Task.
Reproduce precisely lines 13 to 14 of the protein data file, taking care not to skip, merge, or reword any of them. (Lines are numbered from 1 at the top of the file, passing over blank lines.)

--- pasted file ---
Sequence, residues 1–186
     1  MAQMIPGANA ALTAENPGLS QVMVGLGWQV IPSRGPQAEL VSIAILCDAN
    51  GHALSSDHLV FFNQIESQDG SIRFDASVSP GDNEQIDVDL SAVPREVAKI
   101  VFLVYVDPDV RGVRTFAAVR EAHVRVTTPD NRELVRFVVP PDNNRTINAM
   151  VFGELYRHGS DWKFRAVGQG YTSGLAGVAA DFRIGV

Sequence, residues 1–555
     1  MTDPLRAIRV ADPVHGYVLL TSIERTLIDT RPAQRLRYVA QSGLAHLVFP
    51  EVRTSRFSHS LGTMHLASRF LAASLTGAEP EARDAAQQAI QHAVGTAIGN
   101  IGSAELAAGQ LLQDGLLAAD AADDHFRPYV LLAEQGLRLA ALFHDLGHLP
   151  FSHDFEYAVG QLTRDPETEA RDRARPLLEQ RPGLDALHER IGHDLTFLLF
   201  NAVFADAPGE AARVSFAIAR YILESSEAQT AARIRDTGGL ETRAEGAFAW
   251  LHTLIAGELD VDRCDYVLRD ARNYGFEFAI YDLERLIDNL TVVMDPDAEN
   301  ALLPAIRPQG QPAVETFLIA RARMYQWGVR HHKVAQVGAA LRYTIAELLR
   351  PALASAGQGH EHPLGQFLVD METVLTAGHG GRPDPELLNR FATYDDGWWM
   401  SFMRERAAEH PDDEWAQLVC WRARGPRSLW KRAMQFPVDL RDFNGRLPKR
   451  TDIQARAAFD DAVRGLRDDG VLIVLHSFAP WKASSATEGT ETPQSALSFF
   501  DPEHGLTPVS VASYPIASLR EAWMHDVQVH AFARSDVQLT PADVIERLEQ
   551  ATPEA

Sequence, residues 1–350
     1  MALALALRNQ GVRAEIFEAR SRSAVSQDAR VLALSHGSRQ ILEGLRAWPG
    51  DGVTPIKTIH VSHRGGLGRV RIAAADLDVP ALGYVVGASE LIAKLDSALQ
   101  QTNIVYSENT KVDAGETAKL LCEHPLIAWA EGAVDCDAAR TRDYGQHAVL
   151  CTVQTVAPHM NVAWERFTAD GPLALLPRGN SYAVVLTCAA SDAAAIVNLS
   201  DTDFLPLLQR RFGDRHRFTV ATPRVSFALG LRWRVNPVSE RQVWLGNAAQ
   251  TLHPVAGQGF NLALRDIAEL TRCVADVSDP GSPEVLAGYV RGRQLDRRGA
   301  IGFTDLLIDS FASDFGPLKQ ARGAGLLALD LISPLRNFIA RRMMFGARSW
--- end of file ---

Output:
   301  ALLPAIRPQG QPAVETFLIA RARMYQWGVR HHKVAQVGAA LRYTIAELLR
   351  PALASAGQGH EHPLGQFLVD METVLTAGHG GRPDPELLNR FATYDDGWWM